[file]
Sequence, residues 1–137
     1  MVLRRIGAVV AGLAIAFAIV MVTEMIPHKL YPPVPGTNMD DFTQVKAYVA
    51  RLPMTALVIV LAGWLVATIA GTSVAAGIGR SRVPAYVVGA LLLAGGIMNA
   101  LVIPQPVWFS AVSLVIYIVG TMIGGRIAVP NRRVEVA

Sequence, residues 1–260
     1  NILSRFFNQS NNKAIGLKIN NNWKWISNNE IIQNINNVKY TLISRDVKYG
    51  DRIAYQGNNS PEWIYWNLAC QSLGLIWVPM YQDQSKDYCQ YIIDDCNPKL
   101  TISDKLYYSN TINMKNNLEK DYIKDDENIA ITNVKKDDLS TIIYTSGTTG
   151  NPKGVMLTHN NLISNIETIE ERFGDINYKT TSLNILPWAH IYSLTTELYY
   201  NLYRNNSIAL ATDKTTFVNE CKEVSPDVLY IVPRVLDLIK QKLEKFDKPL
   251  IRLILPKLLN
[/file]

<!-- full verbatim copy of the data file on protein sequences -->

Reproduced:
Sequence, residues 1–137
     1  MVLRRIGAVV AGLAIAFAIV MVTEMIPHKL YPPVPGTNMD DFTQVKAYVA
    51  RLPMTALVIV LAGWLVATIA GTSVAAGIGR SRVPAYVVGA LLLAGGIMNA
   101  LVIPQPVWFS AVSLVIYIVG TMIGGRIAVP NRRVEVA

Sequence, residues 1–260
     1  NILSRFFNQS NNKAIGLKIN NNWKWISNNE IIQNINNVKY TLISRDVKYG
    51  DRIAYQGNNS PEWIYWNLAC QSLGLIWVPM YQDQSKDYCQ YIIDDCNPKL
   101  TISDKLYYSN TINMKNNLEK DYIKDDENIA ITNVKKDDLS TIIYTSGTTG
   151  NPKGVMLTHN NLISNIETIE ERFGDINYKT TSLNILPWAH IYSLTTELYY
   201  NLYRNNSIAL ATDKTTFVNE CKEVSPDVLY IVPRVLDLIK QKLEKFDKPL
   251  IRLILPKLLN